Limited stocks, supply affecting supply –WHO
Less than two per cent of the 690 million Coronavirus (COVID- 19) vaccine doses administered to date globally have been administered in 45 African countries, including Nigeria, New Telegraph has learnt. It was learnt that most of the countries received the vaccines only five weeks ago and in small quantities. Through the COVAX Facility, 16.6 million vaccine doses – mainly AstraZeneca – have been delivered to African countries.
The WHO’s Global Advisory Committee for Vaccine Safety, this week, concluded that the link between the AstraZeneca vaccine and the occurrence of rare blood clots is plausible, but not yet confirmed. This follows the European Medicines Agency’s announcement that unusual blood clots should be listed as very rare side-effects of the vaccine.
New Telegraph also learnt that 45 African countries have so far received the vaccines, where 43 of them have begun vaccinations and nearly 13 million of the 31.6 million doses so far delivered have been administered. Investigations also revealed that the pace of vaccine rollout is, however, not uniform, with 93 per cent of the doses given in 10 countries, according to a statement issued by Ouma Onyango of Global Health Strategies. Vaccine rollout preparedness, including training of health workers, prelisting priority groups and coordination, has helped some countries quickly reach a large proportion of the targeted high-risk population groups such as health workers.
The 10 countries that have vaccinated the most have used at least 65 per cent of their supplies, according to investigation. Speaking on this, World Health Organisation (WHO) Regional Director for Africa, Dr. Matshidiso Moeti, said: “Although progress is being made, many African countries have barely moved beyond the starting line.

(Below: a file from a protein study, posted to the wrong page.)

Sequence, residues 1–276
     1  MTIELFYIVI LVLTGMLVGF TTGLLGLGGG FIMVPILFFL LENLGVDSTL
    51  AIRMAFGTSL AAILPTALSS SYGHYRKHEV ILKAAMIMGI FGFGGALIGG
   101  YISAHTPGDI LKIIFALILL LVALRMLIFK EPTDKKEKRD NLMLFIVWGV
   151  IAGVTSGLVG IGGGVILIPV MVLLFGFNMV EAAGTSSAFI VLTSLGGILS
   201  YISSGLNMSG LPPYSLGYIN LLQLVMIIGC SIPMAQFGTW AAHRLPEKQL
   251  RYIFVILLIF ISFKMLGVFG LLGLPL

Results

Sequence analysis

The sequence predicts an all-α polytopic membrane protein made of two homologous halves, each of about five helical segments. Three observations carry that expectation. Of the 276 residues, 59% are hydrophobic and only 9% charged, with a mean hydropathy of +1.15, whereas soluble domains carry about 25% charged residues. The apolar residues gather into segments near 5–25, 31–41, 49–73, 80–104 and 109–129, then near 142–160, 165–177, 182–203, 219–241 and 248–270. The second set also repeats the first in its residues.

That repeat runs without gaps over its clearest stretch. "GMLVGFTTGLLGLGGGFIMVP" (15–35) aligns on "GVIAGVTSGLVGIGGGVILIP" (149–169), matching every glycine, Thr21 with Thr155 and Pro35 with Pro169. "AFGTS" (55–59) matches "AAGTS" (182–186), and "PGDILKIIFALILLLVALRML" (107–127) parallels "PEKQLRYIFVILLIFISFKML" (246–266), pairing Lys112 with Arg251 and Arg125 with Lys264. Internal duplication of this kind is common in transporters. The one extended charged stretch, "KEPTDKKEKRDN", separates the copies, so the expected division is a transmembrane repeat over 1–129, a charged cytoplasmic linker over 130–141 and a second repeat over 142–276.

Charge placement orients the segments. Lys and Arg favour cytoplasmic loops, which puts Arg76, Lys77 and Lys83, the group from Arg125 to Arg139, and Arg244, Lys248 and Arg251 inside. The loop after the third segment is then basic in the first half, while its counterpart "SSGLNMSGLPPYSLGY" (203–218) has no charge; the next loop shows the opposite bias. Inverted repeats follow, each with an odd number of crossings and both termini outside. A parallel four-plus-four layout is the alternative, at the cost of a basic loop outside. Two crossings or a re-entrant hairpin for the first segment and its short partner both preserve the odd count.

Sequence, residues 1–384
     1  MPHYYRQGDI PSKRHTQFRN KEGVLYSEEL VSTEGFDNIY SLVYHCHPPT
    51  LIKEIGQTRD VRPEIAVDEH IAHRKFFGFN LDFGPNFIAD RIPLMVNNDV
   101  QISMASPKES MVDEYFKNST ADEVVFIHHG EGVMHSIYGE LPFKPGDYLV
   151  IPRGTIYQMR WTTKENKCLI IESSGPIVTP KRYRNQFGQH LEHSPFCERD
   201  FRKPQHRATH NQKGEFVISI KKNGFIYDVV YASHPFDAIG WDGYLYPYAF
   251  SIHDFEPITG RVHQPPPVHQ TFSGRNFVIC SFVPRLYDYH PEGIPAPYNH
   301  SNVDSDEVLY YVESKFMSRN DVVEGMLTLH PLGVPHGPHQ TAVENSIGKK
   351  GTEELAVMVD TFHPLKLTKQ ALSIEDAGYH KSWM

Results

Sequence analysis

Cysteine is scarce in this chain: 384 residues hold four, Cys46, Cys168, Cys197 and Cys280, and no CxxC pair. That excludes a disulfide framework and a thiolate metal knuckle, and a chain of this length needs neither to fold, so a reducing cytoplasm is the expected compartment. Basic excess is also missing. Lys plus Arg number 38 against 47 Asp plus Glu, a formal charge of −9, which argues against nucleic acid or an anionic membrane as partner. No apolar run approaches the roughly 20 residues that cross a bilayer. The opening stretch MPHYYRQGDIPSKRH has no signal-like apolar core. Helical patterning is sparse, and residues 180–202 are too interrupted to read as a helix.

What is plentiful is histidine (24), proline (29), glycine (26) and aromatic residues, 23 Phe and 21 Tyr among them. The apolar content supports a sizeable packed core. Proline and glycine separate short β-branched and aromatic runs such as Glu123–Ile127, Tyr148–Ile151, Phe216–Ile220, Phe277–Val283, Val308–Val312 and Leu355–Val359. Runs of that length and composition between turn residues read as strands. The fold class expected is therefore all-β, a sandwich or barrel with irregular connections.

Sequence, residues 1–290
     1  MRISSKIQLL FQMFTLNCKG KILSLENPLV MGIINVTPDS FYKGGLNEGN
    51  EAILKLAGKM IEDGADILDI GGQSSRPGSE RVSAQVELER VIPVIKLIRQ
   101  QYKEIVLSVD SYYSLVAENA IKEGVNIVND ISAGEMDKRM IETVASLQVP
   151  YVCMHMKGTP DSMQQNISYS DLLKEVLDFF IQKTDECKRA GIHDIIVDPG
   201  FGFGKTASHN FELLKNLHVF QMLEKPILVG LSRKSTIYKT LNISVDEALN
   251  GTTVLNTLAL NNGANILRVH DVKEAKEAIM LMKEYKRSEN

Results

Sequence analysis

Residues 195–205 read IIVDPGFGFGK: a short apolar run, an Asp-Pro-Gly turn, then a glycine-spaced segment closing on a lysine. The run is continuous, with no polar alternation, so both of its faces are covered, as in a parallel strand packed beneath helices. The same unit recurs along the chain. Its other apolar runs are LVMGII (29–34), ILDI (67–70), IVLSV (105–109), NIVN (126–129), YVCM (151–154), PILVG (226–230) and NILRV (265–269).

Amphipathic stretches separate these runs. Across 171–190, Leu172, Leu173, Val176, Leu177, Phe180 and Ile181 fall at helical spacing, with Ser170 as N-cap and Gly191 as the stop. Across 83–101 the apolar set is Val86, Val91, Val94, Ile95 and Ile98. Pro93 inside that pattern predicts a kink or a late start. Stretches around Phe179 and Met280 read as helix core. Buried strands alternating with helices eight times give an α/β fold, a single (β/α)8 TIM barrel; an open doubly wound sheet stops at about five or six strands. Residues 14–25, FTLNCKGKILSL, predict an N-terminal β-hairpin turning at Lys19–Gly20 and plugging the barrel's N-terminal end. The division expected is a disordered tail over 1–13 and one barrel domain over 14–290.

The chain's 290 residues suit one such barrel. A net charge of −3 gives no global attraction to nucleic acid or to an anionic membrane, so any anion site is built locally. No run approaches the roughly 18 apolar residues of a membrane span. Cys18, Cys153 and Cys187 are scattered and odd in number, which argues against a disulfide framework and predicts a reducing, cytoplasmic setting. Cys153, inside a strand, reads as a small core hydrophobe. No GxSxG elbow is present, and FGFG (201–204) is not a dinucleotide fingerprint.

“Limited stocks and supply bottlenecks are putting COVID-19 vaccines out of reach of many people in this region. Fair access to vaccines must be a reality if we are to collectively make a dent on this pandemic.” Once delivered, vaccine rollout in some countries has been delayed by operational and financial hurdles or logistical difficulties such as reaching remote locations.
WHO is supporting countries to tackle the challenges by reinforcing planning and coordination, advocating more financial resources as well as setting up effective communications strategies to address vaccine hesitancy and misinformation. The delays, it was learnt, are not only affecting vaccine delivery to priority targets, but expanding vaccinations to the rest of the population, some of whom have expressed eagerness to receive the doses.
WHO set a target to start vaccinating health workers and other priority groups in all countries in the first 100 days of 2021. Moeti said: “Africa is already playing COVID-19 vaccination catch-up, and the gap is widening. While we acknowledge the immense burden placed by the global demand for vaccines, inequity can only worsen scarcity.
“More than a billion Africans remain on the margins of this historic march to overcome the pandemic.” Among the almost 200 million individuals who have received the Astra- Zeneca COVID-19 vaccine around the world, cases of blood clots and low platelets is extremely low.
The Global Advisory Committee for Vaccine Safety continues to gather and review further data while carefully monitoring prethe rollout of all COVID-19 vaccines. Based on current information, WHO considers that the benefits greatly outweigh the risks and that countries in Africa should continue to vaccinate people with the AstraZeneca vaccine. There have now been around 4.3 million COVID- 19 cases on the African continent and 114, 000 people have died.
For the past two months, the region has seen a plateau of around 74, 000 new cases per week. However, Kenya is experiencing a third wave and the epidemic is showing an upward trend in 14 other African countries, including Ethiopia, Eritrea, Mali, Rwanda and Tunisia. Moeti spoke during a virtual press conference yesterday facilitated by APO Group. She was joined by Dr. Abdelhakim Yahyane, Director of Population, Ministry of Health, Morocco, and Mr. Mohamed Malick Fall, UNICEF Regional Director for Eastern and Southern Africa. Also on hand to answer questions were Dr. Salam Gueye, Director, Regional Emergency Preparedness and Response, WHO Regional Office for Africa, and Dr. Richard Mihigo, Immunisation and Vaccine Development Programme Coordinator, WHO Regional Office for Africa.